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发布人:环美出国    发布时间:2016-07-16

  • 2016年7月9日雅思阅读真题回顾,此为雅思写作A类考题回顾,正在雅思备考的同学可做参考。
  •   2016年7月9日雅思阅读真题回顾,此为雅思写作A类考题回顾,正在雅思备考的同学可做参考。

      Reading Passage 1


      Question types:配对题9个,简答题4个



      Reading Passage 2


      Question types:多选题4(7选4)、摘要填空5、表格填空4



      London Swaying Footbridge


      In September 1996 a competition was organized by the Financial Times in association with the London Borough of Southwark to design a new footbridge across the Thames.The competition attracted over 200 entries and was won by a team comprising Arup(engineers),Foster and Partners(architects)and the sculptor Sir Anthony Caro.


      The bridge opened to the public on 10 June 2000.Up to 100,000 people crossed it that day with up to 2000 people on the bridge at any one time.At first,the bridge was still.Then it began to sway,just slightly.Then,almost from one moment to the next,when large groups of people were crossing,the wobble intensified.This movement became sufficiently large for people to stop walking to retain their balance and sometimes to hold onto the hand rails for support.It was decided immediately to limit the number of people on the bridge,but even so the deck movement was sufficient to be uncomfortable and to raise concern for public safety so that on 12 June the bridge was closed until the problem could be solved.


      The embarrassed engineers found the videotape that day which showed the center span swaying about 3 inches side to side every second.The engineers first thought that winds might be exerting excessive force on the many large flags and banners bedecking the bridge for its gala premiere.What’s more,they also discovered that the pedestrians also played a key role.Human activities,such as walking,running,jumping,swaying,etc.could cause horizontal forces which in turn could cause excessive dynamic vibration in the lateral direction in the bridge.As the structure began moving,pedestrians adjusted their gait to the same lateral rhythm as the bridge.The adjusted footsteps magnified the motion-just like when four people all stand up in a small boat at the same time.As more pedestrians locked into the same rhythm,the increasing oscillations led to the dramatic swaying captured on film.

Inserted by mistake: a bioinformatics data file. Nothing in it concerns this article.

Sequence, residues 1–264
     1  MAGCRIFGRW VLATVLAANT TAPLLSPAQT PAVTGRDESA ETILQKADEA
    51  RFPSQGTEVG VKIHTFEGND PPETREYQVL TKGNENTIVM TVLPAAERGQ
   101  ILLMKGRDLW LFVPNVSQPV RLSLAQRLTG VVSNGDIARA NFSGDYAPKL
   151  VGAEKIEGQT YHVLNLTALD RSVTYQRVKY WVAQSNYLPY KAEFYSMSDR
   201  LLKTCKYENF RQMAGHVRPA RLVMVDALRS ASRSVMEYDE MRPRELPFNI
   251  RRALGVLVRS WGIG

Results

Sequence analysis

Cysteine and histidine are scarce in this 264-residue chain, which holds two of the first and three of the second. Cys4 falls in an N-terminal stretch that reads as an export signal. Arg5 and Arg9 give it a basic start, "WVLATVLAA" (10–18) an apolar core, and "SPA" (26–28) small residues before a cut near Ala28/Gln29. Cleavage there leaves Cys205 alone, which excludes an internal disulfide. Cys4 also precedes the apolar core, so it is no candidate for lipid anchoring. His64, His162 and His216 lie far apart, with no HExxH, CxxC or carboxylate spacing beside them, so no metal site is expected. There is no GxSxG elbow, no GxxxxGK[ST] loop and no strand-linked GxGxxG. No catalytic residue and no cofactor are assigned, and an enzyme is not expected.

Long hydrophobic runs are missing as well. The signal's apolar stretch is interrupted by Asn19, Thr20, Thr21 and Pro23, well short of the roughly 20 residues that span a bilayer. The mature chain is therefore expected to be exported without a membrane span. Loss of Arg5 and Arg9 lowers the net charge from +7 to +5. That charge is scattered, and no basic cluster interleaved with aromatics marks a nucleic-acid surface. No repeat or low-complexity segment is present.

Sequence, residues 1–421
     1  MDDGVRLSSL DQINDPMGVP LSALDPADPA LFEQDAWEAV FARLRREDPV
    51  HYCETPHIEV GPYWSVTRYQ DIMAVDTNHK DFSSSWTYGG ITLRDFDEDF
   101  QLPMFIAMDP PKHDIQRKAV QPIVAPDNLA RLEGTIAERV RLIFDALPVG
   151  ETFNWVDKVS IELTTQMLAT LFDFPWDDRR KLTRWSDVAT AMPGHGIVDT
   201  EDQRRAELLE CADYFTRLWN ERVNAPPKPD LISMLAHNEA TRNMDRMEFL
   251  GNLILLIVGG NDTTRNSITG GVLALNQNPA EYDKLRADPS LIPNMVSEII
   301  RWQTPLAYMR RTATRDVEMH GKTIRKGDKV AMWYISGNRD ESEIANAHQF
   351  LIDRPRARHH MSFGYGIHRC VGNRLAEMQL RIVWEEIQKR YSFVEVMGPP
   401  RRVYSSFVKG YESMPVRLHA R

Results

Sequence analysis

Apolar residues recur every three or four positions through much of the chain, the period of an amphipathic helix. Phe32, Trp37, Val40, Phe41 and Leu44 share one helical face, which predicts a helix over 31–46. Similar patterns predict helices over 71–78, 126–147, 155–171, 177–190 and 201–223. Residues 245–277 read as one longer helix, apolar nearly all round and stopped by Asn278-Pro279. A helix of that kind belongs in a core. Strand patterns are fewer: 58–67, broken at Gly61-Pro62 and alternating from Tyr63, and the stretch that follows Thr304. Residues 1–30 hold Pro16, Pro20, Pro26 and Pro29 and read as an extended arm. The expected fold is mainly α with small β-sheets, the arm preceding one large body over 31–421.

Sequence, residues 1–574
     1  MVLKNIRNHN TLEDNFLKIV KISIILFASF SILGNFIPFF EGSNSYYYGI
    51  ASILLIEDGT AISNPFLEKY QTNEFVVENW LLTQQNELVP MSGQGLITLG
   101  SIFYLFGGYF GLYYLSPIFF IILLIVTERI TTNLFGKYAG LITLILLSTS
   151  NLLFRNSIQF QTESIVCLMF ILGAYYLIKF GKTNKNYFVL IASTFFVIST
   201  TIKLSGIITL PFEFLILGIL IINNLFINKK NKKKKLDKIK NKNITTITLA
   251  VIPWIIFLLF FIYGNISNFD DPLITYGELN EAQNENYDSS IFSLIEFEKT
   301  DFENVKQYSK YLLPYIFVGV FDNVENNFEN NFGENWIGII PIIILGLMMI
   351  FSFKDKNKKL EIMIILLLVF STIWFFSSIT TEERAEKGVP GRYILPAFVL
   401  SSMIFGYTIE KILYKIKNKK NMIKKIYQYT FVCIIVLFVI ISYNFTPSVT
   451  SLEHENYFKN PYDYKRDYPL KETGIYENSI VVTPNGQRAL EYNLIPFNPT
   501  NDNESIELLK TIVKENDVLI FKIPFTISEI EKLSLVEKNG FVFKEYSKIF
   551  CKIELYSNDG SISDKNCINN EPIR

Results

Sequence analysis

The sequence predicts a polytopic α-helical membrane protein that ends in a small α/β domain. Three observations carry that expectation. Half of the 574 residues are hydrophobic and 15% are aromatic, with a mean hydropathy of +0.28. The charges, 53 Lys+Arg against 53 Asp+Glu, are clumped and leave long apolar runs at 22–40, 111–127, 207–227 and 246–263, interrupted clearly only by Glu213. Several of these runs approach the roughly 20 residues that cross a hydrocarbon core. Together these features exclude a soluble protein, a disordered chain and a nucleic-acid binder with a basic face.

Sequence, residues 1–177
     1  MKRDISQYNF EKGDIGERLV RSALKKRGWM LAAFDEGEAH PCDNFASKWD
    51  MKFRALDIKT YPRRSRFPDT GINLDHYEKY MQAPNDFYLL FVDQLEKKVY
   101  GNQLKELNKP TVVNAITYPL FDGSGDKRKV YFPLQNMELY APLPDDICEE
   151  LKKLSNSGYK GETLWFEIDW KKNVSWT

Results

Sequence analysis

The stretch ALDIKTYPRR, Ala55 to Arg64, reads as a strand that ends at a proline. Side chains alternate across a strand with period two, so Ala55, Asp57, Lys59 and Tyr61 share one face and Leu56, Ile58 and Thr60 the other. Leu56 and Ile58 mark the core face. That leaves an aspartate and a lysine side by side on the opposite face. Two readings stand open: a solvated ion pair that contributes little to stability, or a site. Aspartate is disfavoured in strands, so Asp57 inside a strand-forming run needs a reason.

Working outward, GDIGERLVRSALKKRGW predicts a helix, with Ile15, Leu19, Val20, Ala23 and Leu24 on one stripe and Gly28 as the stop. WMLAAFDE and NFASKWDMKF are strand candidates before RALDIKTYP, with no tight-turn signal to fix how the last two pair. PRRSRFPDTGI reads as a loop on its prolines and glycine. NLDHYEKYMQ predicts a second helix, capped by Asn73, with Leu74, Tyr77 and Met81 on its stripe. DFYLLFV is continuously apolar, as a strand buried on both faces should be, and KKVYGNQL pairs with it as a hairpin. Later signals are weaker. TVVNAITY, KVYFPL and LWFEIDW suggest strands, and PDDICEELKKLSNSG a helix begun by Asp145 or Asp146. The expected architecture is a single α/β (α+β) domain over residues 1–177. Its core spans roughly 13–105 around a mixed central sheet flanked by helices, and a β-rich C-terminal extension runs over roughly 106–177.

In order to design a method of reducing the movements,the force exerted by the pedestrians had to be quantified and related to the motion of the bridge.Although there are some descriptions of this phenomenon in existing literature,none of these actually quantifies the force.So there was no quantitative analytical way to design the bridge against this effect.An immediate research program was launched by the bridge’s engineering designers Ove Arup,supported by a number of universities and research organizations.


      The tests at the University of Southampton involved a person walking‘on the spot’on a small shake table.The tests at Imperial College involved persons walking along a specially built,7.2m-long platform which could be driven laterally at different frequencies and amplitudes.Each type of test had its limitations.The Imperial College tests were only able to capture 7-8 footsteps,and the‘walking on the spot’tests,although monitoring many footsteps,could not investigation normal forward walking.Neither test could investigate any influence of other people in a crowd on the behavior of the individual being tested.


      The results of the laboratory tests provided information which enabled the initial design of a retro-fit to be progressed.However,the limitations of these tests was clear and it was felt that the only way to replicate properly the precise conditions of the Millennium Bridge was to carry out crowd tests on the bridge deck itself.These tests done by the Arup engineers could incorporate factors not possible in the laboratory tests.The first of these was carried out with 100 people in July 2000.The results of these tests were used to refine the load model for the pedestrians.A second series of crowd tests was carried out on the bridge in December 2000.The purpose of these tests was to further validate the design assumptions and to load test a prototype damper installation.The test was carried out with 275 people.